If you're running a successful business, you're doing a good job of customer relationship management. It's not about the software.
Before you start calling me Nicolas Carr, I do not mean that CRM doesn't matter. I just mean that I have spent most of the past decade watching the technology industry try to automate something that can only be automated to a certain extent. As SAP launches its latest CRM product and Oracle tightens its lineup with that of its subsidiary Siebel, it seems like a good time to take progress check. The short story: CRM's evolution has been stunted by the missing link that we call the human mind.
CRM requires not only communication but intuition, a good memory and salesmanship. What the technology industry refers to CRM is really a set of tools that, for the most part, track what people called about (or what the company called people about) to the company call center, and plugs in the latest promotions, discounts or other offers. Some do the same thing with e-mail or connect (in theory) to back-office ERP systems, but you can do a lot of the same things CRM products do if your enterprise has a team of good communicators who act with initiative using their phone, paper and an Outlook client.
One of the unique features of the CRM market is a backlash against research companies, who cited failure rates of 80 percent so often that consultants and vendors started nit-picking about the methodology behind that number. The failures weren't CRM problems, they whined, it was the way salespeople used it. The e-mail stuff worked better than the call center stuff, they pointed out. I can only say anecdotally that of all the case studies we get pitched by vendors CRM projects (with a few exceptions) don't exactly top the list.
If CRM did what it's supposed to do, it would look a lot more like a feature set of business intelligence software. It would tell you not only what your past history with a customer was (something you would have stored in a data warehouse) but how your business with that customer will or will not grow over the next year. This could be why the kinds of people that built their livelihoods around CRM a few years ago are now focusing on master data management, which handles not only the information about customers but about products and other metadata.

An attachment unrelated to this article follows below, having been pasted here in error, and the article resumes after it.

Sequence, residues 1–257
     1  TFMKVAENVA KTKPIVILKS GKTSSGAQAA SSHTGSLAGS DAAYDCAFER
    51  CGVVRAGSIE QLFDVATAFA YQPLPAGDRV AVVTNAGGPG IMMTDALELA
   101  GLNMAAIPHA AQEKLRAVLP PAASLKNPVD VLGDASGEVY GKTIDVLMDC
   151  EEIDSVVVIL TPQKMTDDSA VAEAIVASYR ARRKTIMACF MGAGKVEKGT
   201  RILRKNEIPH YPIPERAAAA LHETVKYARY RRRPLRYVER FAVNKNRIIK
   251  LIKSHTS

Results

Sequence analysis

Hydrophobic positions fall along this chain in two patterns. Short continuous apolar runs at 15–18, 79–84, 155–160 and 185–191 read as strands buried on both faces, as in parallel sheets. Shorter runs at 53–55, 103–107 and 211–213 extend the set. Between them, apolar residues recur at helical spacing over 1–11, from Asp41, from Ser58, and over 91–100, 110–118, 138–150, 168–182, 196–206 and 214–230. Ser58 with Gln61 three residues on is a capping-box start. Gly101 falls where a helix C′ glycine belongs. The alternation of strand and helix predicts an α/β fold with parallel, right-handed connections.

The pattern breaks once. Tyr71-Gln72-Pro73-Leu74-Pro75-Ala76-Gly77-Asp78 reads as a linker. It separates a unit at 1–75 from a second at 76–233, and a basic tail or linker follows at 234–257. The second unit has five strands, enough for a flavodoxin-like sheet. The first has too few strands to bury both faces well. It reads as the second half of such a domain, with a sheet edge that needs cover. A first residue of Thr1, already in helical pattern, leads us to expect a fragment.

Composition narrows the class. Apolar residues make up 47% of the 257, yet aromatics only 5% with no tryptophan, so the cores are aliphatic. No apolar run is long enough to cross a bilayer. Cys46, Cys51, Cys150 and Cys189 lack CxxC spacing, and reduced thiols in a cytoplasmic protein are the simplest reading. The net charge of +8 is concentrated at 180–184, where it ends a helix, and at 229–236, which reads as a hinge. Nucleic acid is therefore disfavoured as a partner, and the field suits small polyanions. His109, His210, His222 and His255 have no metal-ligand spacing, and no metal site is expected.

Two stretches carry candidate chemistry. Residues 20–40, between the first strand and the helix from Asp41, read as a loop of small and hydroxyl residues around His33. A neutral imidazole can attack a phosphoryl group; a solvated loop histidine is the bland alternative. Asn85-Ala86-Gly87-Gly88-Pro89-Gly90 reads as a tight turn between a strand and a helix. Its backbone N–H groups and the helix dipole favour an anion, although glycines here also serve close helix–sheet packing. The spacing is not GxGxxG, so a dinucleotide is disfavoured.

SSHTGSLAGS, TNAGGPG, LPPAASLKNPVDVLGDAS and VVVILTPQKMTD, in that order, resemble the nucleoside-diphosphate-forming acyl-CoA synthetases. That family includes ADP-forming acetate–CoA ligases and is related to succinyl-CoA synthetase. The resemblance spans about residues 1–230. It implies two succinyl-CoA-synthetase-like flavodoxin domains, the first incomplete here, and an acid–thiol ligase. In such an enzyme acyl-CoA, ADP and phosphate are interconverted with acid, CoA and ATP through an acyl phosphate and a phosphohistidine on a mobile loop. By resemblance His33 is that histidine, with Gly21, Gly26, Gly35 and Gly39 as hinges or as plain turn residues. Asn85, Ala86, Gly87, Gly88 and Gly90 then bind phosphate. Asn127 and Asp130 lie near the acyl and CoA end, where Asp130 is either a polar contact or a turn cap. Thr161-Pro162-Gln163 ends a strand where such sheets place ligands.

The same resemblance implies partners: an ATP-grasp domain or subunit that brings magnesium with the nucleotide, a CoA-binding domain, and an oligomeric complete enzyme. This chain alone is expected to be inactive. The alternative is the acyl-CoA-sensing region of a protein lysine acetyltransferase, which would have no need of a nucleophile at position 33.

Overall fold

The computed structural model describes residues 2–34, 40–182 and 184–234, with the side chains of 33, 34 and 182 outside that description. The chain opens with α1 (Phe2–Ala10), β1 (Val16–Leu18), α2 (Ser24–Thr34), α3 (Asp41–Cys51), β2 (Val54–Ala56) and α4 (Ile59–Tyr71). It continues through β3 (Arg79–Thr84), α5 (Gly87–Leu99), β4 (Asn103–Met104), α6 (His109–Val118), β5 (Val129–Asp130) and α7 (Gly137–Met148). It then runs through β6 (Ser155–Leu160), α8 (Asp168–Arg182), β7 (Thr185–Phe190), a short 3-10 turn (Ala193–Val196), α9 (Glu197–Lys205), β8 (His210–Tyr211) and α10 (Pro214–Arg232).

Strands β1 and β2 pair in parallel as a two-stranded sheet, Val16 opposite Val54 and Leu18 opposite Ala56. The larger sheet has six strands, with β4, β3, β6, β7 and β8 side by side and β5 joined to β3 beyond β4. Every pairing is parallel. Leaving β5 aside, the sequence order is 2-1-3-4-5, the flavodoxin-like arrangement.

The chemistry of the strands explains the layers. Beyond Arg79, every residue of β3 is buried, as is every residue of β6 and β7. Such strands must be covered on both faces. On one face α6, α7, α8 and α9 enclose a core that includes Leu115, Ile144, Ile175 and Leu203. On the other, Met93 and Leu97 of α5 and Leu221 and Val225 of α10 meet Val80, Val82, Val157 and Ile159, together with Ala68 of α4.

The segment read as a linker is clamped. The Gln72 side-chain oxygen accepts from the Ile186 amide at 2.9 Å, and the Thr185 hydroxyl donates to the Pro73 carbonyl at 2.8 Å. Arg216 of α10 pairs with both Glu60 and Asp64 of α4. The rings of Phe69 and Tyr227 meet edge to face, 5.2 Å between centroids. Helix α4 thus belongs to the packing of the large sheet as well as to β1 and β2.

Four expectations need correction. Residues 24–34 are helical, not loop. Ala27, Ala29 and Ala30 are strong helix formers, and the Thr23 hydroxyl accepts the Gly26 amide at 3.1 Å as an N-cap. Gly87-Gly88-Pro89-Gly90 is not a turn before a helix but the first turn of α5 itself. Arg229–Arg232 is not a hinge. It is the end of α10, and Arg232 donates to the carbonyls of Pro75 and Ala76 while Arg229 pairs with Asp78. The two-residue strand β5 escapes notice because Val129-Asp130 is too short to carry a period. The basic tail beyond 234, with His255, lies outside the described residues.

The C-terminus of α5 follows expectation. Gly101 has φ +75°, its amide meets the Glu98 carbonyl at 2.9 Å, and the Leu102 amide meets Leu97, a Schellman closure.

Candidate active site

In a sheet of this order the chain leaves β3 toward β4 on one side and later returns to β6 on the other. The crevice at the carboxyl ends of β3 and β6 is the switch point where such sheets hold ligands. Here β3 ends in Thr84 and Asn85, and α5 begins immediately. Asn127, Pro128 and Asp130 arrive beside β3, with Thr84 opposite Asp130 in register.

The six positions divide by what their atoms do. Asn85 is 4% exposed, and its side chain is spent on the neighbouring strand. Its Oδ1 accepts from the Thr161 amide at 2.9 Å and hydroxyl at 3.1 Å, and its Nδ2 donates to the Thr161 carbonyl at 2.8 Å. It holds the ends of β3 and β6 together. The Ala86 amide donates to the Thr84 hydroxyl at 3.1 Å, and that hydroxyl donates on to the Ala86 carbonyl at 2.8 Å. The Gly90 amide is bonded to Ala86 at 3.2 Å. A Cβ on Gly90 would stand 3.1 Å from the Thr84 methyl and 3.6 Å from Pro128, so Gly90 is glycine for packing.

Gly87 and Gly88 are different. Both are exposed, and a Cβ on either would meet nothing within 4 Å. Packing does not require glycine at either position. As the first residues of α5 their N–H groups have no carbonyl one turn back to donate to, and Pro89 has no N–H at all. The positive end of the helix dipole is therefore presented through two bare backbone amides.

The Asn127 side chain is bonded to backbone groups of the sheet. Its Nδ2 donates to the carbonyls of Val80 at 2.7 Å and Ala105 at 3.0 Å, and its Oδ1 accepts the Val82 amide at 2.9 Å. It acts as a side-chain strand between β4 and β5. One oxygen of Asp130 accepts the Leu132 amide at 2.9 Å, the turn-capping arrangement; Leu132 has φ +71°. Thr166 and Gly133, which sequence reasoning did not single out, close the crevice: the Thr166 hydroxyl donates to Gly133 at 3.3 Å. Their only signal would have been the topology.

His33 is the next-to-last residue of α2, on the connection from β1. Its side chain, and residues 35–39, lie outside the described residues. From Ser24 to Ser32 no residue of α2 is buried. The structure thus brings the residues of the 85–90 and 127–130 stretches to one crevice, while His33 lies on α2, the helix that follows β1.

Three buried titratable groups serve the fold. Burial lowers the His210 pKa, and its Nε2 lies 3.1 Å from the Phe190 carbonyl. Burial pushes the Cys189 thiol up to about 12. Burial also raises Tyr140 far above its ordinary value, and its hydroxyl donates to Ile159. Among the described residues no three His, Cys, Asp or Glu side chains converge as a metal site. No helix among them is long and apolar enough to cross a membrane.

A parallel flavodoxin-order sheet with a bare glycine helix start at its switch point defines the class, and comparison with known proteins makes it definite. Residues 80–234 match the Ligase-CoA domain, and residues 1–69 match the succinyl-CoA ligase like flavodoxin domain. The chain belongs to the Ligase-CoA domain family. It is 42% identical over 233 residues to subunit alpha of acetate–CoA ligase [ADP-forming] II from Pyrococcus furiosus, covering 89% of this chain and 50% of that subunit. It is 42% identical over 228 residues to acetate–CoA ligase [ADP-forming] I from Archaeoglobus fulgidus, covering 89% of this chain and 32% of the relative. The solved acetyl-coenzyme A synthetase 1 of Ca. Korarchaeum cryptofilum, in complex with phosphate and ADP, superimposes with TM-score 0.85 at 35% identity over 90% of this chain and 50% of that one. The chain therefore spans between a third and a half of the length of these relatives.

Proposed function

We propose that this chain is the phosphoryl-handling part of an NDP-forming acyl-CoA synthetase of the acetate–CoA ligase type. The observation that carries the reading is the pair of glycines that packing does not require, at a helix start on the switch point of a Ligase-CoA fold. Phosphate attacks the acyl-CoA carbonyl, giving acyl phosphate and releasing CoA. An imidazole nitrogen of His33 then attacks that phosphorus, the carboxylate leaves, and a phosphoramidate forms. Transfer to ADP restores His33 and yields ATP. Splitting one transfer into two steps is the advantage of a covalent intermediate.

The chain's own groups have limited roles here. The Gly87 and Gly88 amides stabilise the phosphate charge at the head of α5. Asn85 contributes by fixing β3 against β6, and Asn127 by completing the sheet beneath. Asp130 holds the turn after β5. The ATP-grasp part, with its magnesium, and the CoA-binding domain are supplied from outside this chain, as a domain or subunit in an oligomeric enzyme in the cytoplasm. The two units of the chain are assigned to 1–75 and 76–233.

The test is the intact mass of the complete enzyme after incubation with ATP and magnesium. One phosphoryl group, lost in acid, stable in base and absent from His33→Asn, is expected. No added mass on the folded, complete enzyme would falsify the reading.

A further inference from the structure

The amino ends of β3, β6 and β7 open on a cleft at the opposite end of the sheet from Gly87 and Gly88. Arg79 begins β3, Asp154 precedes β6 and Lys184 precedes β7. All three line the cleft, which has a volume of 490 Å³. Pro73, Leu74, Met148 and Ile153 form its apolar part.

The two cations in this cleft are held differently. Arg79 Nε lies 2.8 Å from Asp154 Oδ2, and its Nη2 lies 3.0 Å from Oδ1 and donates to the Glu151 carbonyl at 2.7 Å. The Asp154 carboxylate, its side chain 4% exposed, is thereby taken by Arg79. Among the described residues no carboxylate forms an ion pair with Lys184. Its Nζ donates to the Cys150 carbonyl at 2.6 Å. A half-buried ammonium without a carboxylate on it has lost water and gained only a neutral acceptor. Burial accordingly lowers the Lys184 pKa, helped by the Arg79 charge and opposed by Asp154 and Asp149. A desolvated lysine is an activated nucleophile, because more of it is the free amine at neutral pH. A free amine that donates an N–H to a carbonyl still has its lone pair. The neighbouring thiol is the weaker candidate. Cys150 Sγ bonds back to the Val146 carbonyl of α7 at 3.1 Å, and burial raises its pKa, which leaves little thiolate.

Another sign of CRM's tenuousness is the back-and-forth we've seen in terms of industry consolidation. Yes, Oracle bought Siebel, but there are a surprising number of firms that have managed to stay independent, including Vancouver's Maximizer. Others have tried, and failed, to grow their own. About 10 years ago, for example, IBM formed a CRM spin-off called CorePoint. It folded that unit a year later and partnered with Siebel instead. Salesforce.com does more than CRM, but its ability to stave off acquisition is impressive. Perhaps because so few companies have proven themselves good at CRM it still represents a Holy Grail in the minds of software developers.
Maybe the power of social networking technologies will improve these products and spark a CRM renaissance, but IT managers can be forgiven if they are pessimistic. The tidbits we manage to route through a CRM system are what a good salesperson would have gleaned if they did their homework before meeting an important client. CRM is not a product. It is a discipline which could be part of the core competency of every enterprise.